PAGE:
Dr. Gregor Sarkisian is currently writing an academic article on the findings from this summer and we plan to publish it in the coming months. We will continue the same protocol for 2018 for the youth and will initiating some innovative research with various veterans groups as well.

We all know Ocean Therapy is effective and now we have proof! Stay tuned…

2018 BeneFiesta!

2018 BeneFiesta!

1. A May outdoor extravaganza benefit + fiesta to honor our Wounded Warriors, Veterans, Children and Volunteers whose lives have been forever changed by the Jimmy Miller Memorial Foundation.
2. Typically includes music, feast, a big splash and more. Must be fun! Beach Chic attire

A Mid-century Dream Home You Won’t Want To Miss
Magic moments of music, art and dining under the stars…and maybe a star or two!

When: Saturday, May 19

Where: The Whitehead Home
1130 Ronda Drive, Manhattan Beach, CA 90266

Time: 7:00 pm

 

Click Here to Purchase Tickets

Welcome Kevin Sousa

Welcome Kevin Sousa

Welcome to Kevin’s Clinical Corner. I feel honored and privileged to carry on the work and vision of Dr. Carly Rogers as the new Clinical Director of JMMF.

My hope is that in this section of the newsletter, you will find some exploration of common behaviors and challenges that can appear acutely in the populations that JMMF serves, but that we all experience in some way almost every day.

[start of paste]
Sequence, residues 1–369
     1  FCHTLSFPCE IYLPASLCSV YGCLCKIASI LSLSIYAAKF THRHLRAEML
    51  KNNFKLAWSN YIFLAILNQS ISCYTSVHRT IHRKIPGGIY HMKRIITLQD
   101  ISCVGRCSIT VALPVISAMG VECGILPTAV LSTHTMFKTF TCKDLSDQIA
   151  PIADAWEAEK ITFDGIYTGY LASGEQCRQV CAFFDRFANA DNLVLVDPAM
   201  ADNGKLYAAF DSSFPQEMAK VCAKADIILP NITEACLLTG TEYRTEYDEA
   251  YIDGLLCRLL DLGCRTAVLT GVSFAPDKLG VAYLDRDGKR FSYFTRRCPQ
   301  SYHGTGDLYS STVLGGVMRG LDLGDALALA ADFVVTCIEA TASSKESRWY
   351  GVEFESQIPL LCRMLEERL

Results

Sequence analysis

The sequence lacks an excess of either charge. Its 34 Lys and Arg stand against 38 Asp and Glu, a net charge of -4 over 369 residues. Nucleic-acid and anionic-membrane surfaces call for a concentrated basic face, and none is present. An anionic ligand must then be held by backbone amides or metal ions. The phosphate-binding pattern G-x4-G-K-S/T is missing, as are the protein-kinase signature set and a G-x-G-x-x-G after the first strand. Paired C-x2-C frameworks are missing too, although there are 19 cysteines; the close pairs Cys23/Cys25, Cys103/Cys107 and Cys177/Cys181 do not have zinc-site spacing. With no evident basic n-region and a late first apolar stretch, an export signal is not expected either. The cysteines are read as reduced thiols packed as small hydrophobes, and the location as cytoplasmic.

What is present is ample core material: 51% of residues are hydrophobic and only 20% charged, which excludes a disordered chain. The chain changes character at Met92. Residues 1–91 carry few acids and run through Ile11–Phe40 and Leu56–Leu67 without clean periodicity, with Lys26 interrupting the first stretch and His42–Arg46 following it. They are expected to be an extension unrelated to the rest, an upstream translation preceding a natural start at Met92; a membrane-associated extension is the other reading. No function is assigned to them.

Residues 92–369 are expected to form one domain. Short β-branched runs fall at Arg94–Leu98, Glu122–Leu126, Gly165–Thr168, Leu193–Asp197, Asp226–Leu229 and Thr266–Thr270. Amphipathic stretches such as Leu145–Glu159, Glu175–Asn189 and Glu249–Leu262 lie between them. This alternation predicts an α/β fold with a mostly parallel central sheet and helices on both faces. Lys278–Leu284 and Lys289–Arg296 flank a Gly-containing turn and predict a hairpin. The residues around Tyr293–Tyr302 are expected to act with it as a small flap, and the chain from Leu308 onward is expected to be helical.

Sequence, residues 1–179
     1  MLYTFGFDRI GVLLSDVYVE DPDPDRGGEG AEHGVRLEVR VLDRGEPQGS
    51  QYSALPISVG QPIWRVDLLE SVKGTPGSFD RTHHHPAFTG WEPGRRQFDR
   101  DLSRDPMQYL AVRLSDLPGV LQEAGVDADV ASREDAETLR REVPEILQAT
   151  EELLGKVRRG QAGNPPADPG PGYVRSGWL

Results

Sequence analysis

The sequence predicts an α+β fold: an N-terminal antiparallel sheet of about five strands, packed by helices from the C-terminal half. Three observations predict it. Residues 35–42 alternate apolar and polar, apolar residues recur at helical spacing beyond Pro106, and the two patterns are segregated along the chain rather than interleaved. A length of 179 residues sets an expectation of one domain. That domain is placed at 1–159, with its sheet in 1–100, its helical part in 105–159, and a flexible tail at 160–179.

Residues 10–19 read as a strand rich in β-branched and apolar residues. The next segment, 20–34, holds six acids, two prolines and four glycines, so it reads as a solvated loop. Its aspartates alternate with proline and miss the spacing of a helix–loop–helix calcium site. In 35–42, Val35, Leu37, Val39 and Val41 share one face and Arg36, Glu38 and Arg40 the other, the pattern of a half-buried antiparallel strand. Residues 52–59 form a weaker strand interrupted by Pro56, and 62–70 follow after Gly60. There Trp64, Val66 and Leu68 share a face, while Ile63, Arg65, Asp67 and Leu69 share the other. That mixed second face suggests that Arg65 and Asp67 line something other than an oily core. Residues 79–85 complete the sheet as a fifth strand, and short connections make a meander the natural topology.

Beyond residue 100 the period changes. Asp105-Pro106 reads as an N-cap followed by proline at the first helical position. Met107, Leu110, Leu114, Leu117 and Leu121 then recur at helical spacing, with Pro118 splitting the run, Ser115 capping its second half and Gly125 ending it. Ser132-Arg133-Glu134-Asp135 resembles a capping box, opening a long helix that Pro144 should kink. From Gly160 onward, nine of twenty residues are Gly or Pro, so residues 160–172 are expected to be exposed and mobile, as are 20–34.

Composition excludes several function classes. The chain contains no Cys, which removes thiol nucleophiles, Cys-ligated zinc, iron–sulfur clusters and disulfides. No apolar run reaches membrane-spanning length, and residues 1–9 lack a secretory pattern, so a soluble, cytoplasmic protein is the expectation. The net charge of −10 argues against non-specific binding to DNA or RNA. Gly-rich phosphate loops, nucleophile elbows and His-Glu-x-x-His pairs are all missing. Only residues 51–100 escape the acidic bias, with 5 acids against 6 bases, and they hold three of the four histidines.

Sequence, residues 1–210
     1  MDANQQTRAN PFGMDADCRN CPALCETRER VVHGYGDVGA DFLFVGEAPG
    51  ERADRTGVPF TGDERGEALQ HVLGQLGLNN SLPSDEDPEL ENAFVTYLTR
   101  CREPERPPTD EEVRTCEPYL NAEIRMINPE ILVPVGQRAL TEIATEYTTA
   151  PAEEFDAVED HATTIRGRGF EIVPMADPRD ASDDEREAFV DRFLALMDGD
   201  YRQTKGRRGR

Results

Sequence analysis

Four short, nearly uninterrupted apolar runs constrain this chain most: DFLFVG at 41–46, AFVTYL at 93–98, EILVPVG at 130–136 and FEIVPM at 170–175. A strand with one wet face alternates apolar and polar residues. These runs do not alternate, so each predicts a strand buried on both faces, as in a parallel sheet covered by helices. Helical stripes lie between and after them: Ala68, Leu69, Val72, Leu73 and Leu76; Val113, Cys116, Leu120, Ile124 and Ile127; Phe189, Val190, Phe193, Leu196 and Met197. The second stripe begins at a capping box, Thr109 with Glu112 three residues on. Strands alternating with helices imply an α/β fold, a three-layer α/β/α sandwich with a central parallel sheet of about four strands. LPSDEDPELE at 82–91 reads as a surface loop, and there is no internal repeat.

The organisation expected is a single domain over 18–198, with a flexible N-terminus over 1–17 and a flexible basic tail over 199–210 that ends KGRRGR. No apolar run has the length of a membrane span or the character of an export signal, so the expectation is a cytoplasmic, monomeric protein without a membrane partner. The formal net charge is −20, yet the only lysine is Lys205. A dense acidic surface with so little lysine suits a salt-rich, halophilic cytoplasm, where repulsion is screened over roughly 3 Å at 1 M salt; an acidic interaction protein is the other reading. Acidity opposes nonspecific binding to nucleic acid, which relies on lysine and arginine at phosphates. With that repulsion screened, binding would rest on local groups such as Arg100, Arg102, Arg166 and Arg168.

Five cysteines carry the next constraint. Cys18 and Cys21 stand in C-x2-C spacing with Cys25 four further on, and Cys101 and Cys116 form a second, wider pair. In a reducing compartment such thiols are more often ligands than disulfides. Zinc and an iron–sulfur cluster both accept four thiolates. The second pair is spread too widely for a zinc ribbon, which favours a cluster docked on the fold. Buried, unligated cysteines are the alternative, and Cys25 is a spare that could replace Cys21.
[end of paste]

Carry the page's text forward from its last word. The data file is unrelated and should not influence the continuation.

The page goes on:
Whether it is anxiety, fear, worry, stress, guilt, shame, we will look at what the body does, how it holds these emotional states, and what the brain does when it experiences these feelings, in order to gain insight and understanding around our sense of self.

We will also take a look at some common interventions we can use to give ourselves some relief from these often challenging and painful thoughts and experiences. It is important to delve into why we have these feelings so we can work towards developing a different relationship with them, and to ask ourselves what these feelings and behaviors are telling us as they arise.

Thanks for checking into Kevin’s Clinical Corner. I’ll see you back here in April with some thoughts on anxiety and why it is so similar to the feeling of excitement.